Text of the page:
So you’ve just caught wind of what sounds like an amazing performance opportunity and you’re feeling the initial stir of excitement when you realize that you’re totally eligible and available to audition for it. If you’re anything like me, that realization quickly turns to mild panic as you contemplate how on earth you’re going to show up and successfully strut your stuff in a room that might be filled with 100 other dancers or at the very least a few seemingly menacing faces staring at you from across the audition table. So here are five key things to remember before you step into that room:
Be as prepared as possible. The more prepared you are the less likely it is that your nerves will take over. You may want to take a dance class to brush up if you’re feeling rusty. Read the audition notice carefully. What have they asked you to bring? Have they asked for specific clothing or shoes? Your hair should be neatly off of your face and you might want to wear a bit of makeup. Consider how you would look if this were a performance - because it is a performance! Arrive early and bring something that you can warm up in. Go ahead and put in your earphones and listen to whatever pumps you up or calms your nerves while you wait.
Don’t obsess over the things that have nothing to do with your performance. (ie. The colour of your outfit, or whether you wore a bun or ponytail.) If you can move comfortably and they can see your body lines and your face then that is all that matters. Note: If you receive a callback, then within reason, you should try to look the same as you did at the first audition. They will let you know if they would like to see something different.
The auditors staring at you from across the table are actually rooting for you! Say hello to them. They don’t want you to be nervous. They want you to relax and then smash it! ...And on that note, ‘messing up’ the choreography doesn’t necessarily mean that you’ve ruined your chances. While perfecting the steps is great, it’s so much more than that. They are looking at your musicality, your facial expressions and emotional connection to the movement. Are you getting(and staying) in character? What are you communicating through the movement?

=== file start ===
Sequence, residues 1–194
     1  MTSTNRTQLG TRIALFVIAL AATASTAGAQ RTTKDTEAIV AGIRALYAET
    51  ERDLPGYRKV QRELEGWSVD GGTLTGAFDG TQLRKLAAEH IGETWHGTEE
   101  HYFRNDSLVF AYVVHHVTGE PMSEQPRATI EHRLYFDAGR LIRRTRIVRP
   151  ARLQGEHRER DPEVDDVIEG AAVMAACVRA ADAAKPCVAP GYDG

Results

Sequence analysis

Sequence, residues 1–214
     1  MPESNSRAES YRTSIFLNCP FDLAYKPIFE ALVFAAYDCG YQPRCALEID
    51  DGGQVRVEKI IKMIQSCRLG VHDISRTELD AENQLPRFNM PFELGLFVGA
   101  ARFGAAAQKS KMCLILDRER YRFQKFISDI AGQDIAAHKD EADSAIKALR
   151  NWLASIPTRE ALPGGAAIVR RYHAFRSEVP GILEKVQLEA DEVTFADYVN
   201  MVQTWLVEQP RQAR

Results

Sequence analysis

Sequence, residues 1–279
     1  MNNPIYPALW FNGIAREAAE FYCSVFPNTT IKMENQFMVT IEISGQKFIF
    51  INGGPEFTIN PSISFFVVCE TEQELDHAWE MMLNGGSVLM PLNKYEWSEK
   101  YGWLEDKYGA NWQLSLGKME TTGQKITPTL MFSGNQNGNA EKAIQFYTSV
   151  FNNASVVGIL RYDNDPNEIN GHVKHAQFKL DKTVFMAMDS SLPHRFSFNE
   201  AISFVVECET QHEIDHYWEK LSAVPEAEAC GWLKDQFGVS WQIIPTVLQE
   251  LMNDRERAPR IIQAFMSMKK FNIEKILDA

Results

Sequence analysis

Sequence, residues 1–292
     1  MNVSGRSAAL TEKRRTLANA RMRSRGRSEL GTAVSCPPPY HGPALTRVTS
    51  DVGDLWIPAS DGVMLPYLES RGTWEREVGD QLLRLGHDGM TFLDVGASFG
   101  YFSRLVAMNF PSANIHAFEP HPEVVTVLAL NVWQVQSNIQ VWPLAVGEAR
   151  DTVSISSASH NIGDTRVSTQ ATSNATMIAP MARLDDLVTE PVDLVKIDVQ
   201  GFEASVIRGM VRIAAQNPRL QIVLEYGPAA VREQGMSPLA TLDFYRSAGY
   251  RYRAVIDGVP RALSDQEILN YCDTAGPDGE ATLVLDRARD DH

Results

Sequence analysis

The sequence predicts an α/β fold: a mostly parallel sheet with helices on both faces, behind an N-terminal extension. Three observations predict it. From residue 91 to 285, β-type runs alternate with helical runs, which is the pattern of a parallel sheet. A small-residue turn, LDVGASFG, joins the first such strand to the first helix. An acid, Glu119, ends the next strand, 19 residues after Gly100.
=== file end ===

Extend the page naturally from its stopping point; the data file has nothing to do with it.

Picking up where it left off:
Always view it as a growing experience and a networking experience. Whether or not you book the gig, you’ve gotten i) a free dance class, ii) tips for what to do or what not to do next time and iii) you should have at least made a connection with a couple of other dancers that you did not know beforehand. - I have booked some great gigs and made new friends just by smiling and saying hello because the next time I bumped into that person, we exchanged info and a few months later when an opportunity came along they thought of me.
Whether or not you book the gig is not necessarily an indication of your level of talent. In other words, there are so many politics surrounding casting a show and most of it is completely out of your control. It has much to do with factors such as height, costuming, blending with other cast members, etc. and several other things that you cannot alter and may as well not even worry about. Your job is to do your best. As I always say, leave it all on the floor! After that your job is done. If the opportunity arises to audition again, take it. You have nothing to lose. If they bring you back then that means that they like you. Maybe it’s a whole new production and although there wasn’t a spot for you in the previous one, they want to consider you for a spot in this new one. You just don’t know, so go ahead and throw yourself in.
If you can remember these things and apply them you’ll be just fine. Your hard work and perseverance will pay off. Hold your head high and keep on dancing....and definitely bring a bottle of water!
Trudy Lee Gayle
Photography by Aleia Robinson-Ada of AR4Photography
Trudy Lee Gayle is an Artistic Faculty Member at Inica Dance Industries, with a Bachelor of Fine Arts Honours degree in Dance from York University. Gayle is a certified barre fitness instructor, and has had the privilege of studying with artists who have been members of some of North America’s most influential dance companies such as Philadanco, Martha Graham Dance Company, Alvin Ailey American Dance Theater, American Ballroom Dance Theater, Toronto Dance Theatre and The National Ballet of Canada.